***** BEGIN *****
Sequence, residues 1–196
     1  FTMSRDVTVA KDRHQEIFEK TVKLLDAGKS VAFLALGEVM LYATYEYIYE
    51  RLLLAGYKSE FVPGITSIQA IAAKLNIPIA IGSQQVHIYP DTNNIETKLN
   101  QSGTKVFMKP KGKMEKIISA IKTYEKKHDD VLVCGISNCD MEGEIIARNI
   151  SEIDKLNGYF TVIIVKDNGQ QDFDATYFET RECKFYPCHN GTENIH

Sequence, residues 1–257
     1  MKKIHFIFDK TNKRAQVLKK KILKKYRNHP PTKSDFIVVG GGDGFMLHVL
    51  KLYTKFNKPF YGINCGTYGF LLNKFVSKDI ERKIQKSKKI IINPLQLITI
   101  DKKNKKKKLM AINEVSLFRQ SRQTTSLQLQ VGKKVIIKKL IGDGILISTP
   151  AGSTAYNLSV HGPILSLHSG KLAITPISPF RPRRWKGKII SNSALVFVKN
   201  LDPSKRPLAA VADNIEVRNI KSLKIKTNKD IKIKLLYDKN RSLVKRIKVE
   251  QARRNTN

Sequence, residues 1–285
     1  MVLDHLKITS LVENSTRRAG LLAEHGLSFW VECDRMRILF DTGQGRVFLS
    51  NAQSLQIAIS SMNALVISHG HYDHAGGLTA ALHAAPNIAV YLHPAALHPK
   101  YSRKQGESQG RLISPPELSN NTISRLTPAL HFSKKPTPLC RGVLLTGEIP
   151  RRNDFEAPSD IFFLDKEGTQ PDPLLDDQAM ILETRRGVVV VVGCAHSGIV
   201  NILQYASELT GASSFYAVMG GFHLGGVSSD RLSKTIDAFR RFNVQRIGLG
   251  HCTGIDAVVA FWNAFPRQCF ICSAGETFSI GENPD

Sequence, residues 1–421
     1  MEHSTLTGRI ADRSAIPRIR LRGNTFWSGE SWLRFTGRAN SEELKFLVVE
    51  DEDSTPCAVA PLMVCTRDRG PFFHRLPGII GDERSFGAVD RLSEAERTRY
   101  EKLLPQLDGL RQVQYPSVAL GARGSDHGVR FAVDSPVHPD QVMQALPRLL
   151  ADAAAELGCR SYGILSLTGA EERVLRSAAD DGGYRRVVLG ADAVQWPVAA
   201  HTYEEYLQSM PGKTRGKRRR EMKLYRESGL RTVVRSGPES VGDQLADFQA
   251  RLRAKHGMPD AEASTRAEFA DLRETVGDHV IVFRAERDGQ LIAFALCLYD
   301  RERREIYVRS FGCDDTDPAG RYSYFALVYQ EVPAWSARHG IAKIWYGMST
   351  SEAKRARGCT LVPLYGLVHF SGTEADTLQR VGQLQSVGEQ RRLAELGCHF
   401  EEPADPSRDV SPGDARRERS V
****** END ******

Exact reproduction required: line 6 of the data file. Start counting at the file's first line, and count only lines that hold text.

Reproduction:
Sequence, residues 1–257